Flyers Faithful asked Travis Hughes from SB Nation and Broad Street Hockey, Matt P. From The 700 Level, Mark Trible from The Checking Line and our very own Pavialax five questions about the playoffs. We are very grateful that they took the time to share their opinions and predictions with us. Each day of this week, we will run the answers to one of those questions. Today’s question is:
Travis Hughes: There will certainly be more focus on them, and that comes with the territory. So with that in mind, the level of success they have will come from the level of success of the other lines. If teams have to focus more energy on the other two lines, then obviously, HBL will get more opportunities. If the other lines falter, the Flyers are an easy team to stop. …. but that’s the beauty of the depth this team has, the chances of everybody running cold at the same time are very, very slim, right?
Matt P: The great part about the current Flyers team is that opponents can’t focus on any one line. Overall, the Briere line has yet to return to its pre-All-Star Game glory, but I expect they’ll be a potent playoff line once again. The hope is that most defense corps don’t have the depth to handle the minutes that the top three lines will get over a full series, nor the depth at forward lines to be able to counter each set of Flyer attackers. As dangerous as the Briere line can be, the team’s leading goal scorer and points leader are both on another line that must be accounted for, along with the JVR-Richie-Versteeg line, which could boast three 20+ goal scorers by the time the playoffs start.
To repeat the success of last postseason, the line will have to find a way to get the lightning back into the bottle. Heading into those playoffs, no one expected them to go off like that. The line is at its best when Briere can get the puck behind the net, Hartnell can camp out in front or crash in a little bit more physically (toeing the line between a physical screen and goalie interference), and Leino can be creative with the puck while not getting too fancy in traffic. Leino does his best work from the slot, Hartnell getting garbage goals off of rebounds or passes in front, and Briere from his office just next to the crease.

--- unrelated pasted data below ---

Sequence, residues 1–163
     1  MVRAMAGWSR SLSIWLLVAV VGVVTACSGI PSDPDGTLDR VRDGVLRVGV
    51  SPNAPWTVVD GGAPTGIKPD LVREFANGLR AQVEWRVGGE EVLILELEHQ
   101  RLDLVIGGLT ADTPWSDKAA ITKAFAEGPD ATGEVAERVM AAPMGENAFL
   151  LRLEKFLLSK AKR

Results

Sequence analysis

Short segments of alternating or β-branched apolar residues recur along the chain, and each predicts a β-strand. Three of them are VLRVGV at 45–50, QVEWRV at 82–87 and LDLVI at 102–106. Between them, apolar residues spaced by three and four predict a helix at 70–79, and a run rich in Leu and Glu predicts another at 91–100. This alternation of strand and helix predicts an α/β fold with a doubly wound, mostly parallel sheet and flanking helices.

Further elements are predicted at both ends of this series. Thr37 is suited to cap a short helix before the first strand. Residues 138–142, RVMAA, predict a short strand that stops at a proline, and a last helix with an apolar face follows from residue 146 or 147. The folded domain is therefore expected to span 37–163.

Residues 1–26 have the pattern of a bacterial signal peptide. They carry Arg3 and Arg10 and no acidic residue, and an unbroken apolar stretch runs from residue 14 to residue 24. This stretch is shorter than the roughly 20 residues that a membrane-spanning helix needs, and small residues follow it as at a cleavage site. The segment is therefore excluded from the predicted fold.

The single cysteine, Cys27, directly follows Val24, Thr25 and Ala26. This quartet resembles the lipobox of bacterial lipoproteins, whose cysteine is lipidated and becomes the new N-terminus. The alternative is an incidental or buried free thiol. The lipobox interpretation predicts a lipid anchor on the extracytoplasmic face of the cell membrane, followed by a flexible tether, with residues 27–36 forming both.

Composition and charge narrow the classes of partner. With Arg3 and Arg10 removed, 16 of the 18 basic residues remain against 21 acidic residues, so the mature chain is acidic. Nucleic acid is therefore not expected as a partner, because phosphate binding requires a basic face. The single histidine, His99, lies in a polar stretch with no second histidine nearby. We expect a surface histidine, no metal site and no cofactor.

Mark Trible: My train of thought with the Daniel Briere line is the same as it was when the line was dominating play in the playoffs and earlier this season. Mainly, I feel like the line hinges on Scott Hartnell. With Ville Leino, the line has a forward that holds onto the puck coupled with great vision. He sets the table for the other two wingers.
At this point, we know what to expect from Briere. He’s a player that scores in bunches and the playoffs have been mighty kind to him. With his skilled marksmanship, if he can find space to operate he will succeed. Hartnell is the only player of the three that doesn’t have a clearly-defined role. When he plays with energy, the chances of scoring grow exponentially for his line. When he doesn’t, the line is rendered useless as opposing defenses can dedicated more attention to taking away Briere and Leino’s space. The key to the line repeating their success is Hartnell’s energy and willingness to do the dirty work for the other two forwards.
Pavialax: If opponents do focus in on 19-48-22, they will do it at their own detriment. The beauty of this team’s makeup is the ability to roll 3 dangerous scoring lines and, while not a huge scoring threat, the 4th line can and should command respect from opponents as well. There are 10 players that have 10+ goals and there is the potential to have 8 players with 20+ goals before the end of the regular season.
To repeat their success, Hartnell needs to continue be a net presence; Leino needs to be stronger on the puck when moving through traffic and Briere needs to continue creating opportunities right around the net. I’ve been to a few Flyers games this season and love that Briere will gather a pile of pucks in the waning minutes of warm-ups to work on chipping the puck in the net from the area right around the goal.